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Perpetuating Inequality

A Romney Administration Would Spell Disaster for Gay and Transgender Americans

    For more facts on Gov. Romney’s plans for America, a Center for American Progress Action Fund series entitled “Romney University,” click here.

    Download this issue brief (pdf)

    In 1994 Mitt Romney professed that “if we are to achieve the goals we share, we must make equality for gays and lesbians a mainstream concern.” Unfortunately that Mitt Romney is not running for president. Today’s Mitt Romney has repackaged himself as a candidate opposed to laws and policies that advance equality for gays and lesbians, all as an appeal to socially conservative voters.

    In fact, if elected president in 2012, Gov. Romney’s administration would actively institute a host of laws and policies that would make the United States less equal for gay and transgender Americans. He would reverse years of progress that have leveled the playing field for gay and transgender Americans. And he would even work to enshrine discrimination into the Constitution with a harmful antigay federal amendment clearly intended to curtail rights, not extend them.

    The kinds of laws and policies that Mitt Romney espouses impose financial harm on families headed by same-sex couples and threaten the health and wellness of gay and transgender Americans and their families. In short, a Romney administration would spell disaster for gay and transgender Americans.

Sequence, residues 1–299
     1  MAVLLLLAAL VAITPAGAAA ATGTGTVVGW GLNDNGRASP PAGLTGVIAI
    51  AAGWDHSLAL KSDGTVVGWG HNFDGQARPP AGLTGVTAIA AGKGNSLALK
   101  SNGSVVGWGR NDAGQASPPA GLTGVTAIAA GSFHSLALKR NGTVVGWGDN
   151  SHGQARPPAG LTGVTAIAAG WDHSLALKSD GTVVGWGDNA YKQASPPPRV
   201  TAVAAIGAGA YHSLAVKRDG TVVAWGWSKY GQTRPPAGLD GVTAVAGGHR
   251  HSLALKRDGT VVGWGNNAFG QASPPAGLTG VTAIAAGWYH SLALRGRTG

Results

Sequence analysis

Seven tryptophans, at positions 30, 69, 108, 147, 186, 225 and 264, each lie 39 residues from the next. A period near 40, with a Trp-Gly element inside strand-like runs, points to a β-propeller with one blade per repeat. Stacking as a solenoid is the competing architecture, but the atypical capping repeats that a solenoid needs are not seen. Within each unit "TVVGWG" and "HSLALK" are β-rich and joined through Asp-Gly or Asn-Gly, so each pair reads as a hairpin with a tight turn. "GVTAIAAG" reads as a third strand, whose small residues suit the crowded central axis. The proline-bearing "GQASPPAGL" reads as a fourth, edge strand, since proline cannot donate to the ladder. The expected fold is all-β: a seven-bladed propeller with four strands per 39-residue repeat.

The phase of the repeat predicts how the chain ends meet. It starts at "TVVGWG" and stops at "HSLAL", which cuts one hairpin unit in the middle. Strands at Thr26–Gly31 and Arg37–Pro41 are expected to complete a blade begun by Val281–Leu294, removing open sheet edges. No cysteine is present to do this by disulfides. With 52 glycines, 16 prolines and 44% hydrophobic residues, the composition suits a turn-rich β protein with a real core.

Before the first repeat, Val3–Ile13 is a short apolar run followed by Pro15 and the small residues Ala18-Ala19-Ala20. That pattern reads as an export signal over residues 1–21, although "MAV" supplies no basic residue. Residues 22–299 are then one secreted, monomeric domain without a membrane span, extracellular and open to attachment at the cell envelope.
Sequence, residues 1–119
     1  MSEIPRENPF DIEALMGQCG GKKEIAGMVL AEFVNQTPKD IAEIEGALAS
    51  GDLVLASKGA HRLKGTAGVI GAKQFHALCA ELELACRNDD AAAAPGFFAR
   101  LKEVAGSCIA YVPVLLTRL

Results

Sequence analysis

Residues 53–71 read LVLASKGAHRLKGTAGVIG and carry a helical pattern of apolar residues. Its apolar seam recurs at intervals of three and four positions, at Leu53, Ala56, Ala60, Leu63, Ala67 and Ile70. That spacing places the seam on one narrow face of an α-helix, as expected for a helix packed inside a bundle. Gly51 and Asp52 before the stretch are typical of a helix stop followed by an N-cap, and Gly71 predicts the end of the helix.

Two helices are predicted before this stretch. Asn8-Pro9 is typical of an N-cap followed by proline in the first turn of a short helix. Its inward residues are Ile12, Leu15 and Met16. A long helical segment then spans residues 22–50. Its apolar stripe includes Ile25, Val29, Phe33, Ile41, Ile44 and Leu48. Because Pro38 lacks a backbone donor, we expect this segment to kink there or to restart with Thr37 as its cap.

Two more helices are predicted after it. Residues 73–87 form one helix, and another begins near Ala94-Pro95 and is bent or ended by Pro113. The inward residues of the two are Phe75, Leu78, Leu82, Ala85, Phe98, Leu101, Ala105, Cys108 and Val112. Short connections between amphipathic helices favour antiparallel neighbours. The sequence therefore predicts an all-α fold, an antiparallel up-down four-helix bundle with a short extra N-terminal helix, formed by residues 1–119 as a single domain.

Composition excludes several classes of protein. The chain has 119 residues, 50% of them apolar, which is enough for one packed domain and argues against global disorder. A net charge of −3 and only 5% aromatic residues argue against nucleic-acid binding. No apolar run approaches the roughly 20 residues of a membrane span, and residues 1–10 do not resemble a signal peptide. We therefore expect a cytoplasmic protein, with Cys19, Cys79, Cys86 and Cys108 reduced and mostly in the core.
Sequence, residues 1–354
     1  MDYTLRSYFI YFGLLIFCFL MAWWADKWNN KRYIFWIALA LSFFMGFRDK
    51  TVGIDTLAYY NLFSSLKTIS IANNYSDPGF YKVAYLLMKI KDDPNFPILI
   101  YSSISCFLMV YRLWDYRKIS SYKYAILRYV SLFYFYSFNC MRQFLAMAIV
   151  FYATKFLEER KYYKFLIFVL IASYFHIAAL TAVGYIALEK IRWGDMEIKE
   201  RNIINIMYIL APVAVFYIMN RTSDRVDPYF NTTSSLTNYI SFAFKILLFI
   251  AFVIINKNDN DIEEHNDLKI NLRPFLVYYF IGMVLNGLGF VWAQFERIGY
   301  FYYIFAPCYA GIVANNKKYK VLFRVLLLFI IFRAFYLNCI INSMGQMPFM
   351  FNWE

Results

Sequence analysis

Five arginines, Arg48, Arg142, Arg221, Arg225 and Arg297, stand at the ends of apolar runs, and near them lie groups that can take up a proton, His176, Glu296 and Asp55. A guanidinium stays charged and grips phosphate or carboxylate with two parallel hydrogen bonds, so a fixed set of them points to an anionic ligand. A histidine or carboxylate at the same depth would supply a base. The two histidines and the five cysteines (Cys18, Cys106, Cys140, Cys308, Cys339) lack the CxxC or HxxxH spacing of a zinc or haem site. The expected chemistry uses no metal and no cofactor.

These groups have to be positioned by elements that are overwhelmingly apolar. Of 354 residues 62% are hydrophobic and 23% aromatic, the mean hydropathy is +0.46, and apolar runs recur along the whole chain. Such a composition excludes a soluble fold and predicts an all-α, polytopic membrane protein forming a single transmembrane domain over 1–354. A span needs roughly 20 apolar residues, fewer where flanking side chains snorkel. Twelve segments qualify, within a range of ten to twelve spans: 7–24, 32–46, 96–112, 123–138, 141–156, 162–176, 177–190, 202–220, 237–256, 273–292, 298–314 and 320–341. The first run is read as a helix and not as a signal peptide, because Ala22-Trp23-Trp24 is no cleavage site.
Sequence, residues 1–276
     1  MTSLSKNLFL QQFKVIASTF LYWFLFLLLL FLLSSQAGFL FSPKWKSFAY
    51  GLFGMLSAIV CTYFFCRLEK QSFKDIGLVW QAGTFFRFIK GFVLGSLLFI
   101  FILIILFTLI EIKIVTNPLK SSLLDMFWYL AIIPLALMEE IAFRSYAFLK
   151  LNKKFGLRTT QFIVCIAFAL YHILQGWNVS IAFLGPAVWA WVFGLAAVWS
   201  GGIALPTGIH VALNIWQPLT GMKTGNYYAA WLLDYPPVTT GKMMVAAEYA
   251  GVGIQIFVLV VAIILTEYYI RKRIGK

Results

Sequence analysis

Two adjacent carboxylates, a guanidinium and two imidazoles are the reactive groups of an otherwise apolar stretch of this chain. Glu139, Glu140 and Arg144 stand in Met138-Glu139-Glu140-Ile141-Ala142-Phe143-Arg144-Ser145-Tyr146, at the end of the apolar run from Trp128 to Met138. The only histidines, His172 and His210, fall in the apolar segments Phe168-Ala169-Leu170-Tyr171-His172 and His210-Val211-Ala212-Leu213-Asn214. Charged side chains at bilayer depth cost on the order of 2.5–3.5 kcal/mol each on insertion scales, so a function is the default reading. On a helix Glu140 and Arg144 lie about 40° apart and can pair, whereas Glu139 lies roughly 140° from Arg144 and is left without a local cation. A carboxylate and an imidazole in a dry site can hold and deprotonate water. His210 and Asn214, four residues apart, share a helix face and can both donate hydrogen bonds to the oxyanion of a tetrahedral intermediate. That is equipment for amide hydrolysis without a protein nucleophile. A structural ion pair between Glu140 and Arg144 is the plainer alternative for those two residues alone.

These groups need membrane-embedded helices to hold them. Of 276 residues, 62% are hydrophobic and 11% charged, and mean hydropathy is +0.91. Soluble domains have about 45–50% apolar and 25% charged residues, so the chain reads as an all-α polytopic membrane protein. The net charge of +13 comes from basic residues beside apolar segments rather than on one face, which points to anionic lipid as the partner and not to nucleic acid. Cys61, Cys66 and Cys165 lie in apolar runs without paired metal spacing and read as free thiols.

In this issue brief we examine the harmful impact that Mitt Romney’s policies would have on four groups of gay and transgender Americans:

    • Families headed by same-sex couples
    • Older gay and transgender Americans
    • Gay and transgender workers
    • Gay and transgender youth

    A Romney administration would spell disaster for families headed by same-sex couples

    Mitt Romney has made it clear that he opposes equal marriage rights for same-sex couples. He signed a National Organization for Marriage pledge promising to defend the Defense of Marriage Act in federal court, support an amendment to the U.S. Constitution that would define marriage as a relationship between one man and one woman, and appoint Supreme Court justices and other federal judges who would rule against marriage equality. What’s more, Mitt Romney does not even support civil unions or domestic partnerships, despite the fact that nearly two-thirds of Americans, including an increasing number of conservatives, support marriage equality or civil unions.